[plt-scheme] Expressivity gap between formal methods and PL's

From: Paulo J. Matos (pocmatos at gmail.com)
Date: Thu Apr 30 14:02:42 EDT 2009

On Thu, Apr 30, 2009 at 5:37 PM, wooks <wookiz at hotmail.com> wrote:
> To what extent can a programming language (of the right type)
> replicate the expressivity of formal languages.

What do you mean by formal languages?

> It seems to me that if an organisation is going to deploy formal
> methods  then it would always make sense to do an implementation in a
> language that as far as possible retains the same expressive
> constructs.

True, the B-Method achieves this by allowing the developer to define
the model in layers, where the layer below is a refinement of the
layer above (which include more 'detail'). By including more detail in
each layer you end up with a language called B_0 that can be compiled
(or easily converted to a programming language automatically). Along
the way for each layer you need to prove all the invariants and for
each layer transition you need to prove gluing invariants.

> I do not see the sense in going straight to an
> implementation language (like the one that begins with a J) for such
> systems. Well ok people may say performance, or the ability to recruit
> staff, but I argue that  it would still seem worth creating an
> executable in a language capable of expressing similar formalisms  as
> an  oracle for testing your final implementation.

I don't really understand what you mean here. If you mean that it is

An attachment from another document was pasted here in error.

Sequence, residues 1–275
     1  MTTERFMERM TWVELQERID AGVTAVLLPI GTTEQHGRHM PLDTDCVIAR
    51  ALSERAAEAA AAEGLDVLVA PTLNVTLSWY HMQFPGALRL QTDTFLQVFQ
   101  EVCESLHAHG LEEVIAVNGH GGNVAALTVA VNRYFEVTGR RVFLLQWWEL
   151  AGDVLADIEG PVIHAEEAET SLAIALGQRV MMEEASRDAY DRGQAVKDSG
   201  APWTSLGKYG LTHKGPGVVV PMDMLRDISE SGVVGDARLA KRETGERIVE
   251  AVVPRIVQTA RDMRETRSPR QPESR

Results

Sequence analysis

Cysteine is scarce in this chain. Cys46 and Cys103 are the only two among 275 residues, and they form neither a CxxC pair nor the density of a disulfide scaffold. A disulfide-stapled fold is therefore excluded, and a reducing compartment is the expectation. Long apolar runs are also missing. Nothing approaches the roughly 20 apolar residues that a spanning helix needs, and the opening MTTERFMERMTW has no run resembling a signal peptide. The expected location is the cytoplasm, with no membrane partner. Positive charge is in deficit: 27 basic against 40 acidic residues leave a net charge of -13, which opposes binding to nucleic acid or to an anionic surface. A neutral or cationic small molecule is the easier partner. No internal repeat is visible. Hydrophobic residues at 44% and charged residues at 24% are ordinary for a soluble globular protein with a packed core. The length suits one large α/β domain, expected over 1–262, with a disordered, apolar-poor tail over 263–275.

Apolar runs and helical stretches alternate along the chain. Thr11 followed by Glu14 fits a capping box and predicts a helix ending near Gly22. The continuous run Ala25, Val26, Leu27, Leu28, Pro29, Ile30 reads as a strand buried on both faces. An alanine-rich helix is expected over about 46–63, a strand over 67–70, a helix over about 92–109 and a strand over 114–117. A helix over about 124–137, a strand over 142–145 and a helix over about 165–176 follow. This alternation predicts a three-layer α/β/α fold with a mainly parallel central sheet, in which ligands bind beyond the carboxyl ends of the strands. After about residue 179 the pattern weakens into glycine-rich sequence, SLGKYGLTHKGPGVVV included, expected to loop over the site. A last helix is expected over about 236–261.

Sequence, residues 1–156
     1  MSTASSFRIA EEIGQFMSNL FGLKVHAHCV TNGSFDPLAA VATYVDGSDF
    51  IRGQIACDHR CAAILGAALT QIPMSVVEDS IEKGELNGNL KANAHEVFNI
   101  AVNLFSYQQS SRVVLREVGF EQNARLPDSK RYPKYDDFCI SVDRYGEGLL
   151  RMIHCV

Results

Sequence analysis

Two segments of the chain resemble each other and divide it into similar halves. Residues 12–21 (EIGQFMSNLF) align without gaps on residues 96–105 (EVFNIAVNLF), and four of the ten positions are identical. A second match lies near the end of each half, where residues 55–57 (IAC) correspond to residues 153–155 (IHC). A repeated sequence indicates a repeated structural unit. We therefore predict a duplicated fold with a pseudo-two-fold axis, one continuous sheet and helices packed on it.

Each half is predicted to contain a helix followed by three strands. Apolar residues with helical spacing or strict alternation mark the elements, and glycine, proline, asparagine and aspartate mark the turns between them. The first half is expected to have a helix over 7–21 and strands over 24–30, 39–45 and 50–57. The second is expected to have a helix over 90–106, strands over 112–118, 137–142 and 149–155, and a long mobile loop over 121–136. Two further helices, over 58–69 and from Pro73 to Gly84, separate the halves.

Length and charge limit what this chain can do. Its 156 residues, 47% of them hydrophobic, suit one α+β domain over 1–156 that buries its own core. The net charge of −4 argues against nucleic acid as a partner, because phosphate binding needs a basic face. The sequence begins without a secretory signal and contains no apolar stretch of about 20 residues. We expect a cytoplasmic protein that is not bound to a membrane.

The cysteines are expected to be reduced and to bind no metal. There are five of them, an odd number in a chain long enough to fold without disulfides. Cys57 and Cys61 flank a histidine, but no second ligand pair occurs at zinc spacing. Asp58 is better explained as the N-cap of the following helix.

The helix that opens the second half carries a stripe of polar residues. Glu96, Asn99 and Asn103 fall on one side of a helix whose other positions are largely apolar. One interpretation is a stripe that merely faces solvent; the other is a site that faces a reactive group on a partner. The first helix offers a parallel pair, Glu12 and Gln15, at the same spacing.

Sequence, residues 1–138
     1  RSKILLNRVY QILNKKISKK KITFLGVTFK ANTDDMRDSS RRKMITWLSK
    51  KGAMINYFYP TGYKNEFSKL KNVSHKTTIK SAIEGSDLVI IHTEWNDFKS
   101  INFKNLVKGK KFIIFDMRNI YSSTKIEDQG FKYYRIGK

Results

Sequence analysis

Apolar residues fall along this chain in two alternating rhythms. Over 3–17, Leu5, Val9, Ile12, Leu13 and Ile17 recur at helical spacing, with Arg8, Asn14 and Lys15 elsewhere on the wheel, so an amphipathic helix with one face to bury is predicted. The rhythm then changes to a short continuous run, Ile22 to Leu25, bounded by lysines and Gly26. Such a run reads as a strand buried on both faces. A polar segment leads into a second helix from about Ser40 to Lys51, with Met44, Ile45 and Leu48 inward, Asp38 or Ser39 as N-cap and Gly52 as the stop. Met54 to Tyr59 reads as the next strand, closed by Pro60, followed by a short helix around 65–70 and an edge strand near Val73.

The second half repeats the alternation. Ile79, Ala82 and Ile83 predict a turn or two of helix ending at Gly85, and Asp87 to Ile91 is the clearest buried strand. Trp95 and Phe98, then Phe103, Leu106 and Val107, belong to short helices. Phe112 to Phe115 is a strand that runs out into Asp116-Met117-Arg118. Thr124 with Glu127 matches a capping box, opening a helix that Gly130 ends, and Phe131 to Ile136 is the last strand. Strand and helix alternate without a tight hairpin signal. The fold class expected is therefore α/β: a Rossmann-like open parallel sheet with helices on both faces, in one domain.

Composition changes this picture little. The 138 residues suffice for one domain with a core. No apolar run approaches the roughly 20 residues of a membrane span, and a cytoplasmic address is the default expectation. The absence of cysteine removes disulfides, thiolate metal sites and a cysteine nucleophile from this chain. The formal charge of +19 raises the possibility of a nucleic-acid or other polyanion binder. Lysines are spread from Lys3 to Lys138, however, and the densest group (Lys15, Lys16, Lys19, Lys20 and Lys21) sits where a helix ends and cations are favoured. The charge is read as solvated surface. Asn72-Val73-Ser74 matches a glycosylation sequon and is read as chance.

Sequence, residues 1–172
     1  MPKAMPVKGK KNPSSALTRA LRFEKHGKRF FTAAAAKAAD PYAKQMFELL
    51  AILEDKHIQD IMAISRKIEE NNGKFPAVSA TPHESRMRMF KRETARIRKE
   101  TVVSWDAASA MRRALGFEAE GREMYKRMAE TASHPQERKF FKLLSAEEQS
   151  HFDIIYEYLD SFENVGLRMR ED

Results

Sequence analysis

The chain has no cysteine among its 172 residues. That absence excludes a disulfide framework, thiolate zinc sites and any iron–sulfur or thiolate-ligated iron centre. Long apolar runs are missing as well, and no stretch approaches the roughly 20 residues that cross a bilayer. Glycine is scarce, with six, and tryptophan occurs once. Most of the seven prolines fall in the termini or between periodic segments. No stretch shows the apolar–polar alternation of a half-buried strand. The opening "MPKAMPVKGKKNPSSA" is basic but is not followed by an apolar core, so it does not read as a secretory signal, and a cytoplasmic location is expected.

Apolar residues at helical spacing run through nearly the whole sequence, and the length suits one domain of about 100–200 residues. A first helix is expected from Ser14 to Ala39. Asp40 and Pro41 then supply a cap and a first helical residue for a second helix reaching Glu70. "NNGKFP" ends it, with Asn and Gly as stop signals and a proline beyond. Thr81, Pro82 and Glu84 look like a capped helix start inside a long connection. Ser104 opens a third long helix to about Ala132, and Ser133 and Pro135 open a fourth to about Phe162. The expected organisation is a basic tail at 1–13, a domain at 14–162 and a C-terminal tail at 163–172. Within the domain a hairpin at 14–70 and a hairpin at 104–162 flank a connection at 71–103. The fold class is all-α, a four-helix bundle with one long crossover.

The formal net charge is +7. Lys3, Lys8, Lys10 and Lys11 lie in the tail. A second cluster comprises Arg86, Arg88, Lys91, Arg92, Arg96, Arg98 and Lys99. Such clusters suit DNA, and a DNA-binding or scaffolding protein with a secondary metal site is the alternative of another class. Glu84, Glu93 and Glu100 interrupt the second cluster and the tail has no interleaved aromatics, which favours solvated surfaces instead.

worth creating a model of your program using a formal method even if
it doesn't allow you to create an executable program and then create
the program separatly, then it suffers from a major problem. It might
be true that by writing the model you achieve a lot more understand
about what you want to finally write but if you have a correct model
of your program, and then you implement it independently, you can't
make any kind of assertion by its correctness since you might have
introduced errors during the translation.

> Second question. What is the difference between formal languages and
> modelling languages (is the answer the degree of formalism?).

Again, formal languages is a bit of an awkward concept I guess and
different people might have different answers for that.

Anyway, one interesting path for software development (which I haven't
looked in detail yet) is agda:


Paulo Matos

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Paulo Jorge Matos - pocmatos at gmail.com
Webpage: http://www.personal.soton.ac.uk/pocm

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